Dortmund, September 9, 2021. Mona Ehlers discovered her spirit of research at an early age. That is why she moved from Lower Saxony to Münster to become a student of food chemistry in 2010. During her doctorate in Berlin, she used instrumental analytics to analyse the different components of wine. She was able to detect whether it had been adulterated, for example. As she wants to contribute to the human health with her research, she came to ISAS in May 2021.

Since then, Ehlers has been working in the Proteomics group. The 30-year-old is part of the joint project NephrESA which aims to improve the treatment of anaemia in patients with chronic kidney disease.

Omics technologies - seeing the big picture

Due to chronic disease, many patients' kidneys do not produce enough of the hormone erythropoietin (Epo) for normal blood formation. To treat this renal anaemia, they receive Epo or other so-called erythropoiesis stimulators (ESA). Ehlers is looking into the highly increased risk of thrombosis, that often occurs with this drug treatment. She is working on analytical methods in order to identify which proteins change in the blood under drug treatment. As a result, the risks and prognoses of the medication could be determined individually for those affected in the future. For her method, Ehlers uses so-called omics technologies. They are characterised by a combined approach that makes it possible to obtain data from several molecular levels and depict a holistic picture of one sample. "The analyses are similar to the once I used before. Only now I'm examining blood plasma instead of red wine," explains Ehlers. Around 300 patient samples, provided by the project partner, the University Medical Center Hamburg-Eppendorf (UKE), are already waiting at minus 80 degrees Celsius in the ISAS' freezer to be examined. The chemist wants to use the data to find out how the increased risk of thrombosis can be recognised and treated at an early stage.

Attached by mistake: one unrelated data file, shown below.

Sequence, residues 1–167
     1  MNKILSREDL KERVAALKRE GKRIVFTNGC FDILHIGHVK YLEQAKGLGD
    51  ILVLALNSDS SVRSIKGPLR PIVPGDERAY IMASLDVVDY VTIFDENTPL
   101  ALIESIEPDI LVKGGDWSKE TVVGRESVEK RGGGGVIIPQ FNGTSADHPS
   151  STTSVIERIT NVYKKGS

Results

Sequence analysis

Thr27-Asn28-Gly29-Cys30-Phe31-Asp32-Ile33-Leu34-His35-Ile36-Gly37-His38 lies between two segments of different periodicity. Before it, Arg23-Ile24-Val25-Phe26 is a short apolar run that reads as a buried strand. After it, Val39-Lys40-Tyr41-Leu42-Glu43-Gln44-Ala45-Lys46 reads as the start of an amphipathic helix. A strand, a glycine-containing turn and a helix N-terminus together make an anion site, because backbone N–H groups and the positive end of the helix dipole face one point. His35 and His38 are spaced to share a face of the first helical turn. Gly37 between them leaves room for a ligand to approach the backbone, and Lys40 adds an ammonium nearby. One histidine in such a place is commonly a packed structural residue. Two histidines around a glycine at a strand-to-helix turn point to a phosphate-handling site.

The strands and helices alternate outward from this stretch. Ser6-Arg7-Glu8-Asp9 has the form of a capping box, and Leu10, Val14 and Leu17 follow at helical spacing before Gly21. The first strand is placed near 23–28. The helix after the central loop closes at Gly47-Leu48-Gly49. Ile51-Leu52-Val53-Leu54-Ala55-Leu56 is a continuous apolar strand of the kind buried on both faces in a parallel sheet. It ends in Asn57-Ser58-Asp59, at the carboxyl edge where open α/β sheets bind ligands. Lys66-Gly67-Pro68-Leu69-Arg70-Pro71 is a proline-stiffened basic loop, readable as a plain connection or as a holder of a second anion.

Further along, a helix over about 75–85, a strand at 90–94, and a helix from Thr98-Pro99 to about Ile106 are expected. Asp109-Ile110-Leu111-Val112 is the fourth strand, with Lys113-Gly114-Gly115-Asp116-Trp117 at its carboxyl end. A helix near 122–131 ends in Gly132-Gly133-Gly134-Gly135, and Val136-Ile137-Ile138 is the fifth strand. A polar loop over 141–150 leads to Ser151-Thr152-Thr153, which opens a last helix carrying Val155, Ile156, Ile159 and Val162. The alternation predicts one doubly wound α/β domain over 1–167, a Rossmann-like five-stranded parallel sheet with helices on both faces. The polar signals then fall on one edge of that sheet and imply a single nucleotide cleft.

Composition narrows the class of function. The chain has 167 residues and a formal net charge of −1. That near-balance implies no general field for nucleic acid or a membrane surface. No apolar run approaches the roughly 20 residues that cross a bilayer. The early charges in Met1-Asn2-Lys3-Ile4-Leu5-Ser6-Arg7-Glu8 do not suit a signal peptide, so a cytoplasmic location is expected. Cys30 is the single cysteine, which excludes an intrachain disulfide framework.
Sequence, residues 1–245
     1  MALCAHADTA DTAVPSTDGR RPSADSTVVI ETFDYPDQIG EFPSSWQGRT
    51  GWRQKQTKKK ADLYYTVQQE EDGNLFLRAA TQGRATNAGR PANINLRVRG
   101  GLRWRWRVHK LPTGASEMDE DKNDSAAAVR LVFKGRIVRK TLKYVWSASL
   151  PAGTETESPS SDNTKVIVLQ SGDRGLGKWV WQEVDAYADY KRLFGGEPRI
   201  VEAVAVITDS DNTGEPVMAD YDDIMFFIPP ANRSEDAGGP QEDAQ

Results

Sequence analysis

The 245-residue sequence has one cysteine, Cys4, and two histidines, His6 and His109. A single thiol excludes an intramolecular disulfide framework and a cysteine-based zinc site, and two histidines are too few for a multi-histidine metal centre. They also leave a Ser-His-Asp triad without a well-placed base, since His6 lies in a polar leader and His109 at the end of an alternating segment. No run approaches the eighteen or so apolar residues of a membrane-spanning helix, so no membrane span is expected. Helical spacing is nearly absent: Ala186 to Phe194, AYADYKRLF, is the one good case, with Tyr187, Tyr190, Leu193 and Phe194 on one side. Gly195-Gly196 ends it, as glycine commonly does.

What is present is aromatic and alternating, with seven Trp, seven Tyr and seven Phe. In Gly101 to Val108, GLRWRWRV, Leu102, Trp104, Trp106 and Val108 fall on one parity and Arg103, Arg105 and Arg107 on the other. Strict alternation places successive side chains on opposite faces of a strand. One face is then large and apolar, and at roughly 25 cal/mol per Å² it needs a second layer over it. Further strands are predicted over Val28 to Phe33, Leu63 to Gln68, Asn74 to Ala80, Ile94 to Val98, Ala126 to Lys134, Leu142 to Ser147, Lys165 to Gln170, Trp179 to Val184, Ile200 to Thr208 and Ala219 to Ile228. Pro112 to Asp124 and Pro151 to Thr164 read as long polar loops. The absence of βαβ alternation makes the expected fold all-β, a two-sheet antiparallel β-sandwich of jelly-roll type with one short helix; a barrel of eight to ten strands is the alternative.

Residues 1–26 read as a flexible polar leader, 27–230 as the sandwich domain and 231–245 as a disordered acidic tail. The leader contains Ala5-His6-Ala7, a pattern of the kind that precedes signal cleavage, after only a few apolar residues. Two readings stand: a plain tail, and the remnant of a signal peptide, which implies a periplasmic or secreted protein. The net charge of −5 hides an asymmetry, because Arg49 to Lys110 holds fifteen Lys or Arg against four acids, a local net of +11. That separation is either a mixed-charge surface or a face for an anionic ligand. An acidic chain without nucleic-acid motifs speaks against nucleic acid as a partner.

Currently only digital

The five sub-projects of NephrESA have each specialised in one area, however they regularly discuss their findings. "Due to the pandemic, our exchange has of course only been possible online or on the phone so far. That's sometimes difficult because we can't show each other the procedures in our labs," says Ehlers. That is why the scientist is looking forward to meeting the other project partners in person as soon as possible. When the pandemic is over, she would also like to pursue two of her hobbies which she was last able to do whilst living in the capital: Singing in a choir and dancing Lindy Hop.

(Cheyenne M. Peters)


Mona Ehlers' research at ISAS aims to improve the treatment of anaemia in patients with chronic kidney disease. © ISAS.

Mona Ehlers' research at ISAS aims to improve the treatment of anaemia in patients with chronic kidney disease. © ISAS.

What are Omics Technologies?

The term omics is used in research to describe molecular biological methods, for example genomics, lipidomics, metabolomics or proteomics, with which biomolecules from tissue samples or other biological samples can be examined on a global level. Omics technologies are an important starting point in personalised medicine, as they produce large amounts of data that provide information about disease processes and possible therapeutic approaches.